Planning Congregational Faith Formation with the Building Blocks of Faith

  56 views

This article is part of The Building Blocks of Faith Toolkit—a collection of resources for strengthening faith formation in your congregation and at home, brought to you by Faith Formation Ministries.

 

The Building Blocks of Faith provide simple language for describing four basic spiritual needs that all people have. While the Building Blocks themselves are not a program, they are an excellent tool to help your church be more intentionally faith-formative. 

There are many ways to use the Building Blocks in your ministry planning process. Here are just a few ideas you could try.

Plan by age-and-stage groupings

We offer a simple chart (plus some helpful variations on it) to help you use the Building Blocks to address the faith formation needs of folks at different ages and stages of their journey. 

After you do the assessment, you might want to focus your planning on specific groups that show low scores. For example, you might focus on emerging adults, who are often unsure about where to find a place in the congregation after they age out of youth programming. You could

  • gather a listening group and invite emerging adults to share how they perceive they’re growing (or not growing) in each of the Building Blocks areas. 

  • invite emerging adults to help create and lead initiatives that would support their growth so that they become partners in ministry. 

  • Consider using a tool like this one, either in a mentoring relationship or with individual emerging adults, to help people imagine what opportunities there might be for them.

Plan by Building Blocks theme

After you use the Building Blocks to assess your faith formation efforts, there are many ways to use the assessment data. You can focus on leveraging the Building Blocks in which you show strength, or you can choose to address the Building Blocks in which you score lower. If there is capacity within the congregation to address both simultaneously, the momentum of your high-scoring areas can encourage improvement in areas with lower scores.

An example might be a congregation with a high score in Belonging and a low score in Calling.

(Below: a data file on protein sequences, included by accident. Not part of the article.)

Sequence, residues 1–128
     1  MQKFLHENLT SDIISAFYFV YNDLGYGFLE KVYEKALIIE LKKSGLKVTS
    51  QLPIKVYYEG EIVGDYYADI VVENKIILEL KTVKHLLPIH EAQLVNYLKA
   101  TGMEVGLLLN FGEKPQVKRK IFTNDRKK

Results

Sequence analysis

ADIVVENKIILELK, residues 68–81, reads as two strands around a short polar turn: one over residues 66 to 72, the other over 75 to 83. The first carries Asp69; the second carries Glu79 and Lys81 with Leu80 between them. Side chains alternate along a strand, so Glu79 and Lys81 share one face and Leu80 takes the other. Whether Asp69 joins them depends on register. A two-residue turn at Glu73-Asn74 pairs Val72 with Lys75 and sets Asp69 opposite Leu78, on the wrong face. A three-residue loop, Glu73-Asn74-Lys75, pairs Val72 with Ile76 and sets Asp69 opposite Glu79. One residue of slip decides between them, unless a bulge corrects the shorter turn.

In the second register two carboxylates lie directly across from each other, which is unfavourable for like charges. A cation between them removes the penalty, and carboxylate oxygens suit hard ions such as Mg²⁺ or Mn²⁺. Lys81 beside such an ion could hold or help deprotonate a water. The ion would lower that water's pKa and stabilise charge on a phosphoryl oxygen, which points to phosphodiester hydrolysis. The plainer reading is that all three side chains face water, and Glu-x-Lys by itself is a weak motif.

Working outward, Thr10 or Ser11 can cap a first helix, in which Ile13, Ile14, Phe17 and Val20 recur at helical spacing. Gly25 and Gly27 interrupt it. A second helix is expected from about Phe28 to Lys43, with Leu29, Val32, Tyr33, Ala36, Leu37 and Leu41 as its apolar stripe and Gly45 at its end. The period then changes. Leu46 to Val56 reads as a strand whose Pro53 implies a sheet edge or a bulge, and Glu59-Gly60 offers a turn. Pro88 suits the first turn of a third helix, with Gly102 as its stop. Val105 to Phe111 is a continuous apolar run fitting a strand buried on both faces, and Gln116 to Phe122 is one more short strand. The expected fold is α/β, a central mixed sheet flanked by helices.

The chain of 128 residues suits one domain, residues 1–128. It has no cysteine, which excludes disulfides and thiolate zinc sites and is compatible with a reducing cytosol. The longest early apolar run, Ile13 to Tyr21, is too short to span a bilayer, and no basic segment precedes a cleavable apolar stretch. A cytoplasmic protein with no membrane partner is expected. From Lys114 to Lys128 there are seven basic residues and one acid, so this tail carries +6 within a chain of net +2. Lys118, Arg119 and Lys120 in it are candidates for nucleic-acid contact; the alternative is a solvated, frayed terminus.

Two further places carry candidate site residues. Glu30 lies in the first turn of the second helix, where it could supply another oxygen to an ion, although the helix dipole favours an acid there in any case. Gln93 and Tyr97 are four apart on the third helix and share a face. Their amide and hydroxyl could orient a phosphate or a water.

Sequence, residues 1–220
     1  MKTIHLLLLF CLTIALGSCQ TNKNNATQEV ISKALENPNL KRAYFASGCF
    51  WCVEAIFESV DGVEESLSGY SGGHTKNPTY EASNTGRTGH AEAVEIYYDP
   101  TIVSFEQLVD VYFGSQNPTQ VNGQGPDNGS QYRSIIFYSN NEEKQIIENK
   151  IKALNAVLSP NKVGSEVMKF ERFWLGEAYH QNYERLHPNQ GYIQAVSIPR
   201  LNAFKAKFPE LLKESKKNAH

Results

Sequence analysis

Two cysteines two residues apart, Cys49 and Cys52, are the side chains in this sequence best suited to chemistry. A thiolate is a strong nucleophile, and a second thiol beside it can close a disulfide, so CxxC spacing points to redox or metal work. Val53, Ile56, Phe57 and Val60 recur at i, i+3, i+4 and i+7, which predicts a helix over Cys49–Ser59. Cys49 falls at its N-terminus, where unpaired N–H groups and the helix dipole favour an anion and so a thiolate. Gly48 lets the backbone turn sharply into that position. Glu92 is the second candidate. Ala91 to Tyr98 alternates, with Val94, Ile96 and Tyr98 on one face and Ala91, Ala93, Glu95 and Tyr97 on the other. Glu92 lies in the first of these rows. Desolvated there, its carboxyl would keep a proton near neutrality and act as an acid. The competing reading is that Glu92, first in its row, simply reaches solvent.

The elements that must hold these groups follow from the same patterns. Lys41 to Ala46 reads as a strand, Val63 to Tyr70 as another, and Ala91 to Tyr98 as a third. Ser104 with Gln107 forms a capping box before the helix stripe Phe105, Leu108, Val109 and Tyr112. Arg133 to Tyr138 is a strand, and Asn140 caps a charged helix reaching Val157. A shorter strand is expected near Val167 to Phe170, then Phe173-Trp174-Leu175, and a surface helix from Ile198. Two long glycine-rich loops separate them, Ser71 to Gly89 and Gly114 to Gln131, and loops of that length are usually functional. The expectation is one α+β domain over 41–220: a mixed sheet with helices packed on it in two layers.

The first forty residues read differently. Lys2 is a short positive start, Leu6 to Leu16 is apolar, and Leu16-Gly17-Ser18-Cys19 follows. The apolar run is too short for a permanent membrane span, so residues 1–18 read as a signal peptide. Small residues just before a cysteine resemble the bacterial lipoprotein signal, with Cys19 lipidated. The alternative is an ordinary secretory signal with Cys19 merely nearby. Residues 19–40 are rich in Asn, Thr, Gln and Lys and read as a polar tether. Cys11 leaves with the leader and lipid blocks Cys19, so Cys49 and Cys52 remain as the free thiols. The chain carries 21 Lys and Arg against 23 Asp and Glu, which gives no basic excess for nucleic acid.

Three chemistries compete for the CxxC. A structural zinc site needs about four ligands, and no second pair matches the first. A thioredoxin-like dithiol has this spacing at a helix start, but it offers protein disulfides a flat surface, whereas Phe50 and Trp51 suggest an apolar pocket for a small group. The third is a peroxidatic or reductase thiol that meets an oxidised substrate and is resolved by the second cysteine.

• Addressing a high Belonging score might look like this:

    • Create an ad hoc Belonging Team to walk through the church building, asking how every space conveys hospitality and helps people feel that they belong to God and to their church family. They might use a chart like this

    • The Belonging Team could ask ministry leaders to list what they do to encourage belonging to Christ and to their ministry, and to outline support they might need.

  • To address a low score in Calling, create a similar ad hoc team to look at how people can grow in their ministry callings through the various ministries of the church.

  • Both ad hoc teams could then work together to find opportunities for people to experience belonging while exploring their calling.

Plan by ministry area

The Building Blocks can also help leaders focus on a particular aspect of a ministry. For instance, if a congregation wants to support the faith formation of its children’s ministry volunteers, leaders can ask how volunteers are experiencing each of the Building Blocks while they serve in that ministry. A planning tool might look like this. It could be completed by ministry leaders or adapted for use by volunteers.

Plan by ministry initiative

Let’s say your church would like to start a congregation-wide initiative to help you grow in a particular faith practice. The Building Blocks of Faith can support that work. Here’s an example: 

  • Maybe you want to tell more faith stories. The Building Blocks can help you explore how to use various strategies, venues, and question prompts to encourage different groups to share their faith stories about belonging, knowing and understanding, having hope, and being called and equipped. This planning tool might be helpful.

  • You can also talk about how telling and hearing faith stories might help people feel a greater sense of belonging, increase their knowledge and understanding, give them hope, and help them hear God’s call.

Because the Building Blocks model is flexible, there are various ways in which it can help congregations become faith formative in all aspects of congregational life. Each Building Block is a doorway into creating a robust discipleship culture that is contextual and lifegiving. 

 

Looking for training or coaching? If you’re part of a Christian Reformed church, one of Faith Formation Ministries’ regional catalyzers can train and coach your team in using the Building Blocks of Faith.

Posted in:
Image Credit

The Network hosts user-submitted content.
Posts don't necessarily imply CRCNA endorsement, but must comply with our community guidelines.

Let's Discuss…

We love your comments! Thanks for your help upholding the Community Guidelines to make this an encouraging and respectful community for everyone.